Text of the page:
Halloween customs varied from country to country, but all were related to the Celtic rites. Immigrants to this country, particularly the Scotch and Irish, introduced some of the customs remaining today, but there were many more that are unfamiliar. On Halloween in Scotland, women sowed hemp seed into plowed land at midnight, repeating the formula: “Hemp seed I sow, who will my husband be, let him come and mow.” Looking over her left shoulder, a woman might see her future mate.
Apples and a six-pence were put into a tub of water, and whoever succeeded in extracting either of them with his mouth, but without using his teeth, was guaranteed a lucky year. In the highlands of Scotland in the 18th century, families would march about their fields on Halloween, walking from right to left, with lighted torches, believing this would assure good crops. In other parts of Scotland, witches were accused of stealing milk and harming cattle. Boys took peat torches and carried them across the fields, from left to right(widdershins), in an effort to scare the witches away.
The Scots strongly believed in fairies. If a man took a three-legged stool to an intersection of three roads, and sat on it at midnight, he might hear the names of the people destined to die in the coming year. However, if he tossed a garment to the fairies, they would happily revoke the death sentence.Scotland’s witches held a party on Halloween. Seemingly ordinary women, who had sold their souls to the devil, put sticks, supposedly smeared with the fat of murdered babies, into their beds. These sticks were said to change into the likenesses of the women, and fly up the chimney on broomsticks, attended by black cats, the witches’ familiars.


In Ireland, a meal of callcannon, consisting of mashed potatoes, onions and parsnips, was solemnly served on Halloween. Stirred into this concoction, was a ring, a thimble, a coin, and a doll. The finder of the ring would marry soon, the finder of the doll would have many children, the thimble finder would never marry, and the one fortunate enough to find the coin would be rich. Jack-o-lanterns originated from Ireland, where according to newspaper editor and writer, George William Douglas, ” a stingy man named Jack was barred from Heaven because of his penuriousness, and forbidden to enter Hell because of his practical jokes on the devil, thus condemned to walk the earth with his lantern until Judgement Day.” A more serious custom was the holding of the General Assembly(Freig) at Tara, in Celtic Ireland, celebrated every three years and lasting two weeks. Human sacrifices to the gods opened the ceremonies, the victims going up in flames.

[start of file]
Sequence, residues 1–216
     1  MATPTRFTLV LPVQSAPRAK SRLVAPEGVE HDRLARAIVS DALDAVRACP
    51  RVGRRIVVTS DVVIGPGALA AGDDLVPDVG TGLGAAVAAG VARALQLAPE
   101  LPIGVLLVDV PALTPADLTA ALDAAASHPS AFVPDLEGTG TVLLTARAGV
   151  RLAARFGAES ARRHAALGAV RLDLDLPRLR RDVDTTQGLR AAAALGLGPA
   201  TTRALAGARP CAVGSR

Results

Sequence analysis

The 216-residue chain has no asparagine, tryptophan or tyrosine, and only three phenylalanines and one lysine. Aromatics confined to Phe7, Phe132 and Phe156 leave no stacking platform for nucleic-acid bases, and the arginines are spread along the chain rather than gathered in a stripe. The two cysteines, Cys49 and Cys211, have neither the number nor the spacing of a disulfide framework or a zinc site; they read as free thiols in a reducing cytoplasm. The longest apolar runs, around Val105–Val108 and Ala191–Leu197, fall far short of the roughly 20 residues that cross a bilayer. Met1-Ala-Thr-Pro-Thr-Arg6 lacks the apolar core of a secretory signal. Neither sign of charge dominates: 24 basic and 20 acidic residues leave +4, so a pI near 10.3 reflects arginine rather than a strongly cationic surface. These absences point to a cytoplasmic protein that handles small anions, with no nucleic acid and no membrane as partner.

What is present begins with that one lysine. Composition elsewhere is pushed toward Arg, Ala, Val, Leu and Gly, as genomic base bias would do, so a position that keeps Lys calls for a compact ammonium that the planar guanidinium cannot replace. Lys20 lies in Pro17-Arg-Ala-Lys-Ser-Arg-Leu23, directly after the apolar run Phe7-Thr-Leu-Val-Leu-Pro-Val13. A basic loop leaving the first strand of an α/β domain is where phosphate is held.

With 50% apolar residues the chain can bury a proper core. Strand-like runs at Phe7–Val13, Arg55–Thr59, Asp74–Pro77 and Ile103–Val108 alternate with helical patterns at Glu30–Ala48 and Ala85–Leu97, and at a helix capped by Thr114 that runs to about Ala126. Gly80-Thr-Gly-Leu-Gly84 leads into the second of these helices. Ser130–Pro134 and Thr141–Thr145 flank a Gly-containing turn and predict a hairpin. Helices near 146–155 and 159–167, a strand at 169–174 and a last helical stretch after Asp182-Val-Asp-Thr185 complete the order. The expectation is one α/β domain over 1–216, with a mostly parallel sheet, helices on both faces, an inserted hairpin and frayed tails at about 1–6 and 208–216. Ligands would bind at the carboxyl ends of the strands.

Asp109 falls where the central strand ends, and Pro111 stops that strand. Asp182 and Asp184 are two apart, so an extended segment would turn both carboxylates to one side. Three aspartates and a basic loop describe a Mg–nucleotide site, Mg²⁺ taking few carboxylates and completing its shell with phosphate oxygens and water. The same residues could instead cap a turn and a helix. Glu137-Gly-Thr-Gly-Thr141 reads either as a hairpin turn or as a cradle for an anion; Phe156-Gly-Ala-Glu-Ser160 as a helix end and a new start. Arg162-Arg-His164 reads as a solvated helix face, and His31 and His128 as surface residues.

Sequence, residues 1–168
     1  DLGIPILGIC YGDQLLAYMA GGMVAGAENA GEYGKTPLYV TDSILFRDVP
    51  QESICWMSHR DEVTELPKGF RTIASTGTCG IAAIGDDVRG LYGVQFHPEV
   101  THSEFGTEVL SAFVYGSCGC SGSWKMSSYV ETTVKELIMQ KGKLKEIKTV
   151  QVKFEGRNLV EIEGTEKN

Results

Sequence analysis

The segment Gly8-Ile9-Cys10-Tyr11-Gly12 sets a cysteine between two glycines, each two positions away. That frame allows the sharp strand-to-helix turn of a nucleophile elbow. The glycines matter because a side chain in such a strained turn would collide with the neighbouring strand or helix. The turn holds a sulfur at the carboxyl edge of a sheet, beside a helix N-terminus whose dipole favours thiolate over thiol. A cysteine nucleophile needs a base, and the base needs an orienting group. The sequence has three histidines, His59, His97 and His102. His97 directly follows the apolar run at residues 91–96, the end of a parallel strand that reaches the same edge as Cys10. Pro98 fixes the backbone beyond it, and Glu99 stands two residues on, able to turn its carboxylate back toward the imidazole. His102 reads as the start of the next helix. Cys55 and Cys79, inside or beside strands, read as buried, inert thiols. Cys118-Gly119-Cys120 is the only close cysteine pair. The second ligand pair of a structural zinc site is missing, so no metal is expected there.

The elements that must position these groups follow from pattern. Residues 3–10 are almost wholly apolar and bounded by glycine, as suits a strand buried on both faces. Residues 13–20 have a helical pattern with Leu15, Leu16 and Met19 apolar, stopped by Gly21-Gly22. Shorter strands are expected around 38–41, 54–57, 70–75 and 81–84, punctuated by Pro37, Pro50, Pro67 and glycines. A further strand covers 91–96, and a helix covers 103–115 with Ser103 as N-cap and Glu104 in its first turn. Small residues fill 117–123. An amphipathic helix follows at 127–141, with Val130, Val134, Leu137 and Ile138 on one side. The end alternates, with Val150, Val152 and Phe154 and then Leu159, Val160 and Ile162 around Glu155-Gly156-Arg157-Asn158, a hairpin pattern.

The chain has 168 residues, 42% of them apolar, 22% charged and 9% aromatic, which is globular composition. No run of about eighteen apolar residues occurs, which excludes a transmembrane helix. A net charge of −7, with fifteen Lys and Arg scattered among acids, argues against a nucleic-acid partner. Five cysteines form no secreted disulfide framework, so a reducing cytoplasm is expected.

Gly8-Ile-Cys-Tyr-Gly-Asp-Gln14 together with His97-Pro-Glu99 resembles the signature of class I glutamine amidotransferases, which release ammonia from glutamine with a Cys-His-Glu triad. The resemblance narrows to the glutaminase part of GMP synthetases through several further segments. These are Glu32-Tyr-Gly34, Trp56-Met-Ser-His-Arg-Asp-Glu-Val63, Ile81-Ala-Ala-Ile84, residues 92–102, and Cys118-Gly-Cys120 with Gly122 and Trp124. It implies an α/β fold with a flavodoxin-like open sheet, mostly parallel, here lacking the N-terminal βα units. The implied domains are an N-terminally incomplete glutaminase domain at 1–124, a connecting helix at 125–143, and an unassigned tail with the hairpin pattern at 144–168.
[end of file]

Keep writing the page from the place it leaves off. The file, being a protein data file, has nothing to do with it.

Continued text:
England borrowed many of the Scotch and Irish customs, adding them to their own. Young people bobbed for apples, and tied a lighted candle to one end of a stick, and an apple to the other. The stick was suspended and set spinning, the object of the game being to bite the apple without getting burned by the candle. This custom was a relic of the fires lighted on the eve of Samhain in the ancient days of the Celts.The only customs bearing no relation to the ancient rites is the masquerade costumes of today, and Halloween parades. But the custom of masked children asking for treats comes from the seventeenth century, when Irish peasants begged for money to buy luxuries for the feast of St. Columba,a sixth century priest, who founded a monastery off the coast of Scotland.


From the north of England comes the activity known as “mischief night”, marked by shenanigans with no particular purpose, or background. Boys and young men overturned sheds, broke windows, and damaged property. Mischief night prevails today, but is mostly limited to throwing eggs, smashing pumpkins, and lathering cars with shaving cream. The custom of trick or treat is observed mainly by small children, going from house to house. The treat is almost always given, and the trick rarely played, except by teenagers, who view Halloween as an excuse to deviate from acceptable behavior.